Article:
Mo Farah opens up on ‘weird’ BBC Sports Personality of the Year


Mo Farah says it was ‘weird’ not to make the podium in the BBC Sports Personality of the Year awards after clinching an historic Olympic ‘Double Double.’

Farah, who won gold in the 5k and 10k in Rio – emulating his achievement at London 2012 – had his status as Britain’s best track and field athlete recognised with a knighthood in the New Year’s Honours list.

But although the multiple world and Olympic champion was on the Beeb’s 16-person shortlist for SPOTY, he finished well out of the running behind a top three of Andy Murray, triathlete Alistair Brownlee and showjumper Nick Skelton.

‘It was a bit weird. I just thought I might be top three,’ said Farah, who begins his final season on the track by taking to the mud of Edinburgh’s Holyrood Park for the Simply Health Great Edinburgh Cross Country. ‘I don’t know if I would have won it. But it’s not something in my control.

‘You do think a little bit: “What’s that about?” But you just need to do what you do. Racing and doing well for my country. As long as I can do that, that’s what drives me.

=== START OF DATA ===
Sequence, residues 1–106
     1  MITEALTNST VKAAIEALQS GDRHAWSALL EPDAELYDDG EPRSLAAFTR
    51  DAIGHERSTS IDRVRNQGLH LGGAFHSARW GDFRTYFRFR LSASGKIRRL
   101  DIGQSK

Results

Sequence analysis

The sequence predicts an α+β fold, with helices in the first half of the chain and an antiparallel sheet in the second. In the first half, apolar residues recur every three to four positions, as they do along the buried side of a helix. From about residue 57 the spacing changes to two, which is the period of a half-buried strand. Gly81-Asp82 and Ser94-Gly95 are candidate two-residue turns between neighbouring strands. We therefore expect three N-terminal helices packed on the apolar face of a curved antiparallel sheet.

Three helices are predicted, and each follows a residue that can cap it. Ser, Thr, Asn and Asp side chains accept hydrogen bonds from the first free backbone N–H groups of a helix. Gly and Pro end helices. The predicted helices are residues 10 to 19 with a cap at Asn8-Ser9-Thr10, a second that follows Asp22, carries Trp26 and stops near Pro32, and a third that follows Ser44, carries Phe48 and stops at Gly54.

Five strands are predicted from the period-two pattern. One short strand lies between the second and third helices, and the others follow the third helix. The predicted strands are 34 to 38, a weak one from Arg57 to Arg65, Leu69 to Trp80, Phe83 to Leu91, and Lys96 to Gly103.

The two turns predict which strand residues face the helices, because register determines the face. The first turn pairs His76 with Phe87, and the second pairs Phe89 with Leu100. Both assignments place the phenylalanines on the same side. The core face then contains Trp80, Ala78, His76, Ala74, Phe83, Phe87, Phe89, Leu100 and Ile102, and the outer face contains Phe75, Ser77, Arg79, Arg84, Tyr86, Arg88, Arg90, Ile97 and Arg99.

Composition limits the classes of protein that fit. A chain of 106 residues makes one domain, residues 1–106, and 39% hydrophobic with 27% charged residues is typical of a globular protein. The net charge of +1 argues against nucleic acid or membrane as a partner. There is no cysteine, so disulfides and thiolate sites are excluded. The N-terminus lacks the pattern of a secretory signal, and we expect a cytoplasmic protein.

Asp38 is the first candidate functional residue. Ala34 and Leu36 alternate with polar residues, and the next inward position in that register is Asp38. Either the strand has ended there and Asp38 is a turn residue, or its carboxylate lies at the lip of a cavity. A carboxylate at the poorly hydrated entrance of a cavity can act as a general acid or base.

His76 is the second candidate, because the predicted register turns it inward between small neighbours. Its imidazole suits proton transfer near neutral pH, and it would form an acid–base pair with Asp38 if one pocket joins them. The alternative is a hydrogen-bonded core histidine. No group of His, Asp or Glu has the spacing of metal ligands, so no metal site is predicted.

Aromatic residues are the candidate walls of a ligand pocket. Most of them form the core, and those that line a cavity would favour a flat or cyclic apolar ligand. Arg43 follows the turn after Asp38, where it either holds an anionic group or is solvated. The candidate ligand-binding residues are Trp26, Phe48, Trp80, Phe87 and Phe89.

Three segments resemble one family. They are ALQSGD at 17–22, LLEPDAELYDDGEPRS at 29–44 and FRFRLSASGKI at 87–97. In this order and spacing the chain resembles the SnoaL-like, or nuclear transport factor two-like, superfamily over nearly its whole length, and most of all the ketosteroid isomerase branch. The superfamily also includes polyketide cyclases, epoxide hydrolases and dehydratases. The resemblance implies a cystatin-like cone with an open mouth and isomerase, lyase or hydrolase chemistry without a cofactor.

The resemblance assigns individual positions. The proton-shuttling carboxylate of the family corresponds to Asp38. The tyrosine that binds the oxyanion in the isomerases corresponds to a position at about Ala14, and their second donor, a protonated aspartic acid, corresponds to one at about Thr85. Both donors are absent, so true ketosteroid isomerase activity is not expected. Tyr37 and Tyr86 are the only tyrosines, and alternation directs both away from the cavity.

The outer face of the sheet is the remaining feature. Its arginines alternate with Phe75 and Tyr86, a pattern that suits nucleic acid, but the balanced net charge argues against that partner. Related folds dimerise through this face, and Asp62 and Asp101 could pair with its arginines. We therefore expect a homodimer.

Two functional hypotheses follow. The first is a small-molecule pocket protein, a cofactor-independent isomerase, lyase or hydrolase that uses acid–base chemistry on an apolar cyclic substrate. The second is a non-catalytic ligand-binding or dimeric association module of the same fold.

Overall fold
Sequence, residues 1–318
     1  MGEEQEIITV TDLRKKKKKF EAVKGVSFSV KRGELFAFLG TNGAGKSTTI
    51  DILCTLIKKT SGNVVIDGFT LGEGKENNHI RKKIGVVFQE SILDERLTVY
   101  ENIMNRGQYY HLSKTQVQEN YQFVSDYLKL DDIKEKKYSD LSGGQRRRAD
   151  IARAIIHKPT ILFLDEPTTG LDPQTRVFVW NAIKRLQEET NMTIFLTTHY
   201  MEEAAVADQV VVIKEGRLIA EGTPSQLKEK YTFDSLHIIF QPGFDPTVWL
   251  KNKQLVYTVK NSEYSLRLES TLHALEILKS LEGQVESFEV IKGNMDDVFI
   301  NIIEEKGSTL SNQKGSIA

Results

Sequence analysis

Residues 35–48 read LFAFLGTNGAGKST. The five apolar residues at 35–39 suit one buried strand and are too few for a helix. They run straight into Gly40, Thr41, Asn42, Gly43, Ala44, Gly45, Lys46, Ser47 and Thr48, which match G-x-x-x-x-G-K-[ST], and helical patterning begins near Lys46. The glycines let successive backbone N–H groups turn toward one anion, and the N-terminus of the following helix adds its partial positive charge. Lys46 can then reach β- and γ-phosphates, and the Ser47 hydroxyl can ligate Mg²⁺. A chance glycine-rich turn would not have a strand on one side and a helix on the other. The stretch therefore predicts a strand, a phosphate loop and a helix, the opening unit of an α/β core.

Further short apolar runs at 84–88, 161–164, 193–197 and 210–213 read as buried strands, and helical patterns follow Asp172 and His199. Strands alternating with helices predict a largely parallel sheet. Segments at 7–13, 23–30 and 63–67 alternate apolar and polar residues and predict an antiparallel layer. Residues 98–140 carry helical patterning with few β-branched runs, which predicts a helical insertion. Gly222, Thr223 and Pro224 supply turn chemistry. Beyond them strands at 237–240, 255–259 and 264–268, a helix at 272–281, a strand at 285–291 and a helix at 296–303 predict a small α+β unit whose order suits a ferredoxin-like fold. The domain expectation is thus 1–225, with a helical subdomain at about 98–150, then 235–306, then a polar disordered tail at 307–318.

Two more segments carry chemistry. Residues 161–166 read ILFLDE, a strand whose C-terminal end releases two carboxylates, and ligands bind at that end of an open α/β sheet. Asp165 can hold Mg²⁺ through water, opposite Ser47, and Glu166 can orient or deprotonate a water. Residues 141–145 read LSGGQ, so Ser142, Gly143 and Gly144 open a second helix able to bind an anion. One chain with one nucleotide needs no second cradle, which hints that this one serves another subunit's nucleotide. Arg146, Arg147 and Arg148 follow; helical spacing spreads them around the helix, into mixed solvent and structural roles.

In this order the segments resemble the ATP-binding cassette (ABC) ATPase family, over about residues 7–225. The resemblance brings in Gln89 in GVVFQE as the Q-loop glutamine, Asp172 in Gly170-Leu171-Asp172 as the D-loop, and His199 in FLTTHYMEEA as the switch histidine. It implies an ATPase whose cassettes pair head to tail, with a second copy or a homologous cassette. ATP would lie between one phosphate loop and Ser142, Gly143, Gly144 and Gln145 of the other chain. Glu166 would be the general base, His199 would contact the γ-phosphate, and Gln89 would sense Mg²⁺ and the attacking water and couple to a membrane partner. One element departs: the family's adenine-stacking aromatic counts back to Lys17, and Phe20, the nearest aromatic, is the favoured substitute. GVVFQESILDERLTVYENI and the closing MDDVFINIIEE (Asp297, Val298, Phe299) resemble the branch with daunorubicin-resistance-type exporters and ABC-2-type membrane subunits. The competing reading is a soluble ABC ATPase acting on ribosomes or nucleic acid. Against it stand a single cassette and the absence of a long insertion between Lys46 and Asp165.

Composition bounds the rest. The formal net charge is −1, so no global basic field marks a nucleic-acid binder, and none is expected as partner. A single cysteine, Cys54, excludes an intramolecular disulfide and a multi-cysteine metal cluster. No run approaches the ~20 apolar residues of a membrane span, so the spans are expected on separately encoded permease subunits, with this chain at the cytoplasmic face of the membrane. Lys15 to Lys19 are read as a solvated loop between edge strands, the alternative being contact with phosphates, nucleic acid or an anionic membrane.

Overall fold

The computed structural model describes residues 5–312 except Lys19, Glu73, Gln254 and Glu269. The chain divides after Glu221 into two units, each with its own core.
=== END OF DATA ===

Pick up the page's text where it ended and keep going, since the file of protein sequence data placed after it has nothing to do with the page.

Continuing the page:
‘No-one can take away what I’ve achieved. My medals and everything, more than anything else, putting that GB vest on.’

Brownlee said on the night of the awards that he thought Farah’s failure to win more public votes was ‘really sad’.

‘No-one had to say anything – that’s just how it happened,’ said Farah.

‘Alastair’s an amazing athlete and I have a lot of respect for him. For me, if I had to vote for someone, I would have voted for him.’

Farah contrasted his pride in representing Team GB with the flags of convenience being flown by two of his rivals in today’s race, Kenyan-born Turkish pair Polat Kemboi Arikan and Aras Kaya, both late converts to their adopted homeland.

Farah, who famously arrived in the UK as an eight-year-old Somali unable to speak English, insisted: ‘When you represent your country, you have to be representing a country you love – a country you’ve lived in.

‘I don’t personally agree that you should compete for one country and then decide to switch in a short space of time.

‘We all love representing our country because we love the country. That is your country. It’s different if they’ve been there for seven, eight years – that’s fine. But to just switch overnight? That’s difficult. It makes athletics look boring.’

Farah trained with boyhood heroes Arsenal this week, taking part in drills with first-team players and meeting Arsene Wenger, the recipient of an honorary OBE some years ago.

‘He didn’t call me Sir, of course not!’ laughed Farah. ‘I am pretty sure he’s got a title, even though he’s French.


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